Online Documentation

Subject: Online Documentation
From: Elaine Farstad <efarstad -at- ENC -dot- ORG>
Date: Wed, 17 May 1995 15:17:46 GMT

Lisa,

When I was working for a small software development company last year, we
took a risk and developed an extensive online help system for our networked
email product, and did not develop a similar print copy. In print, we had
information for people upgrading from the earlier version of the product,
and an administrator's manual. We specifically stated that the user manual
was online.

The reasoning behind our decision was that the product is used on a
network, and the best way to have the manual reach the end-users is to
network it as well. (And not have the single manual we used to mail with
the product sit in the system administrator's office.)

How well did this work? The initial feedback we received was very
favorable; initial users did not miss the paper copy, and were using the
online help, or no help at all. Unfortunately, I do not know how responses
lasted over the long run, because I left the company soon after this
project was completed.

In answer to question #4, we did the project ourselves. I was the only
technical writer, and I worked closely with the software engineers to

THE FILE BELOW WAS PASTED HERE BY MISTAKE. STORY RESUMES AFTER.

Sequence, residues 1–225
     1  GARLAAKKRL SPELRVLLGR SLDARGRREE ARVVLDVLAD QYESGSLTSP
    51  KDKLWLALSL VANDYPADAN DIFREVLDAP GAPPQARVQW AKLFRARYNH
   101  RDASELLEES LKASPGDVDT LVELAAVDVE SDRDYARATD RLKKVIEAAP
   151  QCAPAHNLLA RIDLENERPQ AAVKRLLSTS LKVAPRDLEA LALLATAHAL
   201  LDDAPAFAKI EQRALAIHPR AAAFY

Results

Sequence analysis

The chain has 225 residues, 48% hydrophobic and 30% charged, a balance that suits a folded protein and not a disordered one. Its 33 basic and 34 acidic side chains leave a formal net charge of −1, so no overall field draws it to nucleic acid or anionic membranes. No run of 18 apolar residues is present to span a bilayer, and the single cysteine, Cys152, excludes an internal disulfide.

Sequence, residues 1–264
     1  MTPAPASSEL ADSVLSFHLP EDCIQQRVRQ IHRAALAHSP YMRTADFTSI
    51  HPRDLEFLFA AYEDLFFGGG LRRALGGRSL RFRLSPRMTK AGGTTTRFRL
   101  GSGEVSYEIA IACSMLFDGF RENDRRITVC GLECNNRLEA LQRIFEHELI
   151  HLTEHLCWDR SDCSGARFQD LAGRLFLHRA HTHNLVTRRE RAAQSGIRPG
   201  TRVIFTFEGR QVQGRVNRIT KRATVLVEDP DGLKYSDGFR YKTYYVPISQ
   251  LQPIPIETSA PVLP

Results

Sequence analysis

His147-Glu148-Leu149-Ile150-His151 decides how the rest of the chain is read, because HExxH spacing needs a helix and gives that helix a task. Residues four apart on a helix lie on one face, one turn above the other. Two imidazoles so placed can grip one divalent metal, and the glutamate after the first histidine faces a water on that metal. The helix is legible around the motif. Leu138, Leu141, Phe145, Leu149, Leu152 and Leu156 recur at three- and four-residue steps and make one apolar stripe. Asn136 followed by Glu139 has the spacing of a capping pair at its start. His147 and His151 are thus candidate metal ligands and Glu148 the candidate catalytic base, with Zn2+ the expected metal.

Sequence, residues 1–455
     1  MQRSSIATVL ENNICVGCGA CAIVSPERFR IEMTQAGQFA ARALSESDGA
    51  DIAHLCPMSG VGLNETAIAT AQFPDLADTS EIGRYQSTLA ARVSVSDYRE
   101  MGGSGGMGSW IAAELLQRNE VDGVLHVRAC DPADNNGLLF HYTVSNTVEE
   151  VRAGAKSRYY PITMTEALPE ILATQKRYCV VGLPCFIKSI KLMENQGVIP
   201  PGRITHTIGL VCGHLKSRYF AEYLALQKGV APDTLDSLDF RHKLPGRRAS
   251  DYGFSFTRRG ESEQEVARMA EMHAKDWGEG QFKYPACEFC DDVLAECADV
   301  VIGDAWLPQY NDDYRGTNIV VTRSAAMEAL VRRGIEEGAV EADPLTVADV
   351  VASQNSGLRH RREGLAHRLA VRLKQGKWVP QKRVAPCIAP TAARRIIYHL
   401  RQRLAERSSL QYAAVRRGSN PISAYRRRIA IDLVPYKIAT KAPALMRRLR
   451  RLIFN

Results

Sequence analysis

develop the documentation as the product was under development. I learned
about the Winehlp compiler and third-party help tools as I went along. We
found this worked well, but keep in mind that 80% or so of my time was
devoted to this product during final stages (last 3 months) of development.
One advantage to documentating in the development stage is that you end up
reviewing and testing every aspect of the product, and in the process can
provide valuable feedback to the engineers.

I hope this helps.

Elaine

(original message below)
----------------
We are currently in the early stages of planning our online doc
project. We're looking for some feedback from those of you who have
already been through the process.

1. Did you replace your paper doc or continue to provide paper doc
as a supplement to the online system? If you still provide paper doc
to your users, is it a full-blown set or a condensed version?

2. Were your users receptive to the change to online doc?

3. Did you provide the online information as part of the help system,
or did you convert the documentation so that it could be viewed online
(e.g., Adobe Acrobat)? What tool did you use?

4. Did you hire a consultant, or were you brave enough to tackle the
project on your own? If you did the work yourself, how much of a
learning curve did you encounter? Any recommendations on training?

Thanks for your help!

Lisa Hodge

Elaine Farstad
efarstad -at- enc -dot- org
Eisenhower National Clearinghouse
1960 Kenny Road
Columbus, OH 43210-1079
Phone: (614) 688-3483


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